Problem: If you notice a rattling feeling and clunking sound coming from the rear of your vehicle, chances are that it might not be the suspension. With years of driving, you are bound to notice the bolts holding the exhaust come loose. Additionally, it could burn loose if maintenance is not kept up, meaning the suspension constantly rattles.

Solution: There are numerous quick fixes when it comes to tightening up the exhaust. One of these is to simply check if the bolts are secure. However, you might need to replace the exhaust system if too much damage is sustained when you leave it. It could cost you close to $1,200 if the entire exhaust system needs to be replaced.

4.      Worn Out Springs

worn out springs
Photo by Pixabay

Problem: The springs work with the shock absorbers to allow the vehicle to absorb the shock. Once the vehicle dips, the springs are responsible for pushing it back up to the adequate ride height. Springs need to be cared for and they often need lubrication. Much like your shock absorbers, you might notice rattling when going over bumps.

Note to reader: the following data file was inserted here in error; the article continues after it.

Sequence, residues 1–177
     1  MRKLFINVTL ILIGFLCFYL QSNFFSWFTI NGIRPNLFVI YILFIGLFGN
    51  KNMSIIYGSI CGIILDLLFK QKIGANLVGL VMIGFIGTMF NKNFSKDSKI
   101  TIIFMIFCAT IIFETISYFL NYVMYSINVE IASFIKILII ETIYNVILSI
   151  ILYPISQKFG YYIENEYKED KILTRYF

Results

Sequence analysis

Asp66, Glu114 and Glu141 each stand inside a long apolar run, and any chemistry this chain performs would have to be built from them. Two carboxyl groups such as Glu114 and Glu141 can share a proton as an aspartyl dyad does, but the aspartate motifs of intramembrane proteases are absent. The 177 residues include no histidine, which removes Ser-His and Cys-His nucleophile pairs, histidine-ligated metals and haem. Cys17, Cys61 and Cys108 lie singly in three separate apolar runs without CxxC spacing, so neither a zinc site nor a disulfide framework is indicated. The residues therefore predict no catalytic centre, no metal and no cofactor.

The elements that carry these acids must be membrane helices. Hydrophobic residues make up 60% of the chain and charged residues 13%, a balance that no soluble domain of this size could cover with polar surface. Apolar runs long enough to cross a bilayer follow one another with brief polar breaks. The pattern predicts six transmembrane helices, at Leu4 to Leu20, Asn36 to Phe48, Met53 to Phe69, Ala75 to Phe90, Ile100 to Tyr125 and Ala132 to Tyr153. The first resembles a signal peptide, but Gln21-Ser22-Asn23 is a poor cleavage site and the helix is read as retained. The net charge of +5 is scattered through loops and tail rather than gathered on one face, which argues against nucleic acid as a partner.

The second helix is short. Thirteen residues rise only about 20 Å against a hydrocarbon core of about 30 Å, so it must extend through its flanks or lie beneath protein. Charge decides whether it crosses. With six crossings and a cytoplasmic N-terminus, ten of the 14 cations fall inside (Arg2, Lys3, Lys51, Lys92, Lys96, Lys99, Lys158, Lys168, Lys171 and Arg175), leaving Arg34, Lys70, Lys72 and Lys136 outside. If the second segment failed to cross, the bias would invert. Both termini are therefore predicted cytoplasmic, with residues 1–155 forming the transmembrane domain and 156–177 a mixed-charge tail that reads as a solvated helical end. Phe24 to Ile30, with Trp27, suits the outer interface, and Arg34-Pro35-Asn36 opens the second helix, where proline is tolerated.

Solution: The springs might not be as common of a component to get damaged as the shock absorbers, but dealing with worn-out springs can be daunting for any driver. The springs won’t push the car up and the ride might feel uncomfortable. Not to mention, a frustrating rattle often accompanies these springs being worn out.

5.      Broken Sway Bar Links

broken sway bar links
Photo by Pixabay

Problem: The main purpose of the sway bar or anti-roll bar is to stabilize the vehicle and keep it steady during cornering. If you notice a knocking noise when cornering your vehicle, it might be broken sway bars that connect to the suspension. This often happens with an aggressive driving style and lack of maintenance like lubrication of these sway bars.

Solution: If the sway bars are about to break, you might be able to salvage them and reinforce them. However, broken sway bars are often cause for visiting your mechanic. You might need to replace the broken sway bar. Fortunately, you can be lucky and only deal with one broken sway bar, making replacement costs much cheaper. You can expect to pay close to $160 per sway bar that needs replacing.


What Does A Failing Suspension Sound Like?

If your suspension is damaged, one of the first things you would notice is a sound coming from below the vehicle. There are four main sounds, which could be clunking, grunting, rattling, and knocking. Each of these could point to something with damage. The rattling sound is most commonly associated with shock absorbers or worn-out springs.

Can I Drive My Car With A Rattling Suspension?

For some drivers, the problem causing the rattle is only noticeable when going over bumps or cornering. However, the suspension is a fundamental part of the car that holds many of the components together and ensures a smooth ride. By leaving the suspension to rattle, you could put other components at risk. This could lead to major repair costs.